Government gives traders two weeks for Ladipo Market demolition
The notice was announced to the leadership of the market under the umbrella of Ladipo Auto Central Executive Committee (LACEC) on Tuesday by the state government at the stakeholders meeting held to fine-tune arrangements for the proposed multi-layer car park promised by the governor during his visit last week.
“To start with, we will commence the process for the construction with a stakeholders’ meeting next week. At the meeting, we will agree on the process and how the project will be done. We will rearrange the market so that we can commence the construction work next month,” Ambode had said.
This latest development is an anticlimax to last week’s visit, which had already doused tension of a possible relocation of the market owing to the numerous complaints of environmental and sanitary nuisance it constitutes to the public, especially road users in the area.
Apart from the pledge to build a multi-layer car park within the market, so that cars will no longer be allowed to park on the roads, obstructing free flow of traffic, the governor also promised to reconstruct the two major roads within the market, which are in deplorable state to enhance easy movement and create for an environmental-friendly activity in the area.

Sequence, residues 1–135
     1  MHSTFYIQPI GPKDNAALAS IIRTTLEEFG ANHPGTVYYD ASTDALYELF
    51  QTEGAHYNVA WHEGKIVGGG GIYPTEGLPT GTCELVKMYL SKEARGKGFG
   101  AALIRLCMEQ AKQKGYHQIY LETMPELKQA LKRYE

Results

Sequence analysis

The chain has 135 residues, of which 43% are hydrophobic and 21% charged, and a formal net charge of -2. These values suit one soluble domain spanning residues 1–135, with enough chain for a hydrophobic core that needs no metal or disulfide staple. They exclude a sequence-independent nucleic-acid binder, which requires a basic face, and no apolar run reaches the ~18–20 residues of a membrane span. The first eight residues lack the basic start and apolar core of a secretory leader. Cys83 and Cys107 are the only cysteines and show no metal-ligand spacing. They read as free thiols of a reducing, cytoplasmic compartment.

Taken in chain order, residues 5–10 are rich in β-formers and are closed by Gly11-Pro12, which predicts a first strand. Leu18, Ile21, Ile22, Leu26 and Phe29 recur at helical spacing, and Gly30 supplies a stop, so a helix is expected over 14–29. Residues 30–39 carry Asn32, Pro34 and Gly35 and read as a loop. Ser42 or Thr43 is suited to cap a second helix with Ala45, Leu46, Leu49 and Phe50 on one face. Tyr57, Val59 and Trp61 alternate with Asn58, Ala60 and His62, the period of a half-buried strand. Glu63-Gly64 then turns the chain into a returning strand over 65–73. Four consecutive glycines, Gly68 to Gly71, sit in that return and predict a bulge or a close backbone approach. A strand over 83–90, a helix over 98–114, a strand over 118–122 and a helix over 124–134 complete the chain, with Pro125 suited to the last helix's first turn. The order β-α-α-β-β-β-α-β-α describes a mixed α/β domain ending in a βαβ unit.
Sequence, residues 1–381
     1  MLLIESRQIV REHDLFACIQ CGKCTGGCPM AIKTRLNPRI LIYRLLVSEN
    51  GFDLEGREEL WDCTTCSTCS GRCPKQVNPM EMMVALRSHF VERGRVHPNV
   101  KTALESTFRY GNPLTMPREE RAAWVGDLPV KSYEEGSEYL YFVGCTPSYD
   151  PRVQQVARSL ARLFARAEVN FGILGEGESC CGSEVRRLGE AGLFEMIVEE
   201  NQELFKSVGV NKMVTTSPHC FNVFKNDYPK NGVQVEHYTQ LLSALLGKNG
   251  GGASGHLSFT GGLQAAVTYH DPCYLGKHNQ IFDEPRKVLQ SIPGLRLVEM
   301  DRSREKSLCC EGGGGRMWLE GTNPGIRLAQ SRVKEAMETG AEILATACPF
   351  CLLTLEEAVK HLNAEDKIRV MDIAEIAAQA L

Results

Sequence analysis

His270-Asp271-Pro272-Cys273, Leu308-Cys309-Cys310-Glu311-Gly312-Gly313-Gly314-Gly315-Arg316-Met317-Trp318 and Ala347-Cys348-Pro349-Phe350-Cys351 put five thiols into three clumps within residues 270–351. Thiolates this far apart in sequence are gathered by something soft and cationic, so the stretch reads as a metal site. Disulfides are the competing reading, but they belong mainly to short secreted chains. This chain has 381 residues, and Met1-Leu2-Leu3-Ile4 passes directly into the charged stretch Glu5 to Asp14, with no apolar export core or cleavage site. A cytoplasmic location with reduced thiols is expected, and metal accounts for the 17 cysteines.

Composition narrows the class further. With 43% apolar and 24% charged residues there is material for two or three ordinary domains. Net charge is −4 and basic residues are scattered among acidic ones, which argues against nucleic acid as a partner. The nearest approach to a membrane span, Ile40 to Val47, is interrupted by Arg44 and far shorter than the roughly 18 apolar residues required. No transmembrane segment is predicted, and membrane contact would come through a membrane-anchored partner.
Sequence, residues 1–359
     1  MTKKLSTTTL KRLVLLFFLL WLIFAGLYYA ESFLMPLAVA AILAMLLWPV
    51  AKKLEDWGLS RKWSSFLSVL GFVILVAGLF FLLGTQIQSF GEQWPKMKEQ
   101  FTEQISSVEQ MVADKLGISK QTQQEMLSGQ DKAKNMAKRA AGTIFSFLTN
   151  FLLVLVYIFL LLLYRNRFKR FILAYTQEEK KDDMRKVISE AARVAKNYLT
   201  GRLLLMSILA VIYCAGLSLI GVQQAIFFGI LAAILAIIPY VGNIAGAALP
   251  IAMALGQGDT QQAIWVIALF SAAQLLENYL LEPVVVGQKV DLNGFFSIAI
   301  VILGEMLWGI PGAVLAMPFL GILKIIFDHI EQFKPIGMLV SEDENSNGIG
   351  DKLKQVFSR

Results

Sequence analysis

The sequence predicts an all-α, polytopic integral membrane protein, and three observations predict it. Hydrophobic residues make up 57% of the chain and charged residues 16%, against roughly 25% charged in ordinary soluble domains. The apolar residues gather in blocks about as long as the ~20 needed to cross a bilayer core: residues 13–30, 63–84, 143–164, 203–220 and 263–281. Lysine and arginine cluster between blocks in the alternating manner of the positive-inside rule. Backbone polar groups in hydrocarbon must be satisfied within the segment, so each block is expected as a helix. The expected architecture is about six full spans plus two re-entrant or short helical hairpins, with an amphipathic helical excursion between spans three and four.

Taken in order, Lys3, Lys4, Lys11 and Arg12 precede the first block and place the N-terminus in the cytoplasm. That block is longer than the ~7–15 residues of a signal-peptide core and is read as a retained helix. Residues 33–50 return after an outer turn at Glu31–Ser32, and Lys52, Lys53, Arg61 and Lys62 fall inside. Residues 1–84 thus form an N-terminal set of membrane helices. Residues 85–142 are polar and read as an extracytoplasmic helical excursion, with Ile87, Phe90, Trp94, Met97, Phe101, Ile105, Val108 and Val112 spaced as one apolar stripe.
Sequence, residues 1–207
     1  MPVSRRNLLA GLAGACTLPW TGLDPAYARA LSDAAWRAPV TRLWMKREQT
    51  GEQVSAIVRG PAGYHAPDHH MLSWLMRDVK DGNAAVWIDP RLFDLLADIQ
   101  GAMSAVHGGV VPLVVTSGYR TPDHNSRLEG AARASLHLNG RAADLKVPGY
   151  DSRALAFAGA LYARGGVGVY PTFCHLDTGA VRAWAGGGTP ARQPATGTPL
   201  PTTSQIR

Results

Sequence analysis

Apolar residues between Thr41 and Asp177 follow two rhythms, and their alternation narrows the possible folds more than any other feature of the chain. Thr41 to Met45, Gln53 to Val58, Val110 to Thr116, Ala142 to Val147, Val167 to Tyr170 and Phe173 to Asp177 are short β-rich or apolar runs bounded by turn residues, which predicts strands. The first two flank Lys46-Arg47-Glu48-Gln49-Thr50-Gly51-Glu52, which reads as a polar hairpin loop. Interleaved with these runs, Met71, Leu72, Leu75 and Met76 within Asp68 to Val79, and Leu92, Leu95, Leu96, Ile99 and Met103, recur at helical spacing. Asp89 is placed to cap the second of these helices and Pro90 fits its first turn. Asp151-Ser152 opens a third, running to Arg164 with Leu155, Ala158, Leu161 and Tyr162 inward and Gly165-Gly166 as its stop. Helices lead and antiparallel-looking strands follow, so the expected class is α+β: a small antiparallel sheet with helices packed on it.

It was at the stakeholders meeting that market leaders were confronted with government’s decision to demolish some parts of the market. The Guardian gathered that those that would be affected are shops built under the high tension cable along the Five Star axis leading to Ladipo Street and adjoining streets such as Osoro and Olateju, among others, which have been taken over by street traders and auto technicians.
This latest development has thrown many of the traders into panic. They had earlier heaved a sigh of relief when the governor visited to inspect the road, that at last their appeal over the bad roads would be attended to.
When contacted, president of the LACEC, Comrade Kingsley Ogunor, was not available for comment but the LACEC Public Relations Officer, Uba Ezeigbo, who confirmed the development, explained what led to the decision.
According to him, some mechanics, who were allocated the affected areas to be used as workshops, rather built shops on the portion of the land and rented it out to traders. They in turn now moved out to the main road to do their mechanical work.
He said it was based on that the government summoned the leadership and informed them of their decision, which unfortunately, would affect the traders.“The government is trying to avoid rehabilitating the roads and then allow the activities of those mechanics to destroy it again. And we can’t stop them because it will affect the construction of the car park that will bring rapid development to the market.”